Cave Crickets Invade!

You might know them as “hoppers,” “jumpers” or “hippity hops.” With their hunched backs, rounded bodies and oversized back legs, these brown and speckled critters are turning up in homes across the U.S. These ugly jumpers are actually called cave crickets, spider crickets, greenhouse crickets, and camel crickets.

Credit: Steve Fernie

Credit: Steve Fernie

Cave crickets are annoying, but they’re harmless — although some people have reported getting bitten by these critters.

You don’t have to be in a cave (or live in one) to see cave crickets. Cave crickets love to lurk in basements, cellars, garages, sheds and dark, damp places under and around your home. As outdoor temperatures drop, cave crickets seek warmer climes indoors. They’ll jump several feet into the air when startled. Don’t confuse these nasty creatures with chirping, winged field crickets whose serenades bring to mind warm summer evenings.

Cave crickets play an important part in a cave’s ecosystem – but not in your basement! Here are a few tips to reduce the cave cricket population in your home:

  • Fix cracks and crevices – Use caulk to prevent these creatures from squeezing into your home in the first place.
  • Add weatherstripping and repair screen doors so the insects can’t get into your home.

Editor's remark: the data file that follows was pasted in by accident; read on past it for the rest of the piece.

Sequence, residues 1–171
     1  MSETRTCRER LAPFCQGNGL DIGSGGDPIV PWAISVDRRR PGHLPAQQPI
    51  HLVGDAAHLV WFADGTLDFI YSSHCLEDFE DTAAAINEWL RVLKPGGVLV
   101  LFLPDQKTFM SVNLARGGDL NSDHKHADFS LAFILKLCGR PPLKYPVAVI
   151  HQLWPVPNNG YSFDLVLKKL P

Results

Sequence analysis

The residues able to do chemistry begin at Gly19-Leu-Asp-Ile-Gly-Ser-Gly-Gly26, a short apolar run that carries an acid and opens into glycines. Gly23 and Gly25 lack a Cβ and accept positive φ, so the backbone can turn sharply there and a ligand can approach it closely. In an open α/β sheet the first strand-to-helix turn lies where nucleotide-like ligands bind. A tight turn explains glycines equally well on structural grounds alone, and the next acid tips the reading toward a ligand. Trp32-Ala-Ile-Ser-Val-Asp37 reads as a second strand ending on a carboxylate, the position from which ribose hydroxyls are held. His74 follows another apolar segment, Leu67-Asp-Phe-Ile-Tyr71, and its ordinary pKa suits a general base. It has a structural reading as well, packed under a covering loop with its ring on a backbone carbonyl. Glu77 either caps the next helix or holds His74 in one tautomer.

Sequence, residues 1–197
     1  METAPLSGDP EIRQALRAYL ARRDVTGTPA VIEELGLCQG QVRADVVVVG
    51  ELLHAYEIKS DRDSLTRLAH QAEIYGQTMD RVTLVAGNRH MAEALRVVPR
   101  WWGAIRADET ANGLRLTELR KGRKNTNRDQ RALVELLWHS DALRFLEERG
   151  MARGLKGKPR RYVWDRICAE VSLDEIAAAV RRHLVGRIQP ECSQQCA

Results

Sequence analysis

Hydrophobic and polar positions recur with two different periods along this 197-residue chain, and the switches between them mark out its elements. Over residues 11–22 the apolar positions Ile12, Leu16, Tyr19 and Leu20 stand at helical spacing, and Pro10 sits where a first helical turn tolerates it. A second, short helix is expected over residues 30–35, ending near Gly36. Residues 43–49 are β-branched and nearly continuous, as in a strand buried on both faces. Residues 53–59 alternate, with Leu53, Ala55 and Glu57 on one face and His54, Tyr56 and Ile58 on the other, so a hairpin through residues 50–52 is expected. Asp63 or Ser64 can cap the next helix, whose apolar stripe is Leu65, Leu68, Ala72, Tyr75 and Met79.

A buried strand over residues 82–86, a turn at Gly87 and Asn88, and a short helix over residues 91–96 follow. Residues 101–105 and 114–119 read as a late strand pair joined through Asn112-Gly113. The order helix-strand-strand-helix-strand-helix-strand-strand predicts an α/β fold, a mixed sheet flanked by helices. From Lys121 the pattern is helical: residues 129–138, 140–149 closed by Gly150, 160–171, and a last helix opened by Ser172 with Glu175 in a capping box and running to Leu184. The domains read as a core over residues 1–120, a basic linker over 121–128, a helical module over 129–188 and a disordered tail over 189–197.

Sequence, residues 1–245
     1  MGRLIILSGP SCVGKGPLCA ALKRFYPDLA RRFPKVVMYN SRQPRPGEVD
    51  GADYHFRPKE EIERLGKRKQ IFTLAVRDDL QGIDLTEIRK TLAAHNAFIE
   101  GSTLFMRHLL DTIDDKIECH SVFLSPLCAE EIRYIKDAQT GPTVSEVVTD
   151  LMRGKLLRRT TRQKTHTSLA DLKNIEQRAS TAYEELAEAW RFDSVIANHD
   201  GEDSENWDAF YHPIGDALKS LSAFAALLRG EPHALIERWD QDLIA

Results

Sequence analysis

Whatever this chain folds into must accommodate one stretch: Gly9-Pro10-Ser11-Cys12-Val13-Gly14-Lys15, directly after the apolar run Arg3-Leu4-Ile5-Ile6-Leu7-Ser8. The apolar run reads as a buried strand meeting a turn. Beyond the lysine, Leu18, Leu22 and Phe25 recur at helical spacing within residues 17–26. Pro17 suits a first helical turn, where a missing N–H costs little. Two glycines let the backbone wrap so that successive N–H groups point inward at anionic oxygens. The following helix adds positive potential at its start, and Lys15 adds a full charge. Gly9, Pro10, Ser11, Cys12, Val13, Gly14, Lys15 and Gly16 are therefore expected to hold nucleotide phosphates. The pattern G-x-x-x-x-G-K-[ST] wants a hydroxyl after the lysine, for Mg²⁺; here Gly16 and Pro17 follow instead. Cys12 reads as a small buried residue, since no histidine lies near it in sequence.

• Place sticky traps tucked away under sinks and behind appliances where no kids or pets can find them.
  • Sprinkle insect bait or boric acid in small amounts along walls and under appliances (again, making sure that your kids and pets can’t touch it).
  • Move mulch, leaves and other organic matter away from your home’s foundation as a deterrent.

Researchers estimate these indoor invaders outnumber humans 2 to 1. Their numbers are probably much higher.

In the wild, these crickets are true to their name. Like a ex-Hollywood movie star, former rock musician or millionaire eccentric whose best days are well behind them, these cave dwellers stay close to home, never venturing too far to forage at night and return to their darkened abodes to hide during daybreak. In your home, they’ll feast on other insects and even each other. 

Whatever, you do, please don’t confuse these nasty creatures with chirping, winged field crickets whose serenades bring to mind warm summer evenings!

Be Prepared. Know Before™.

The WeatherBug – Earth Networks Team

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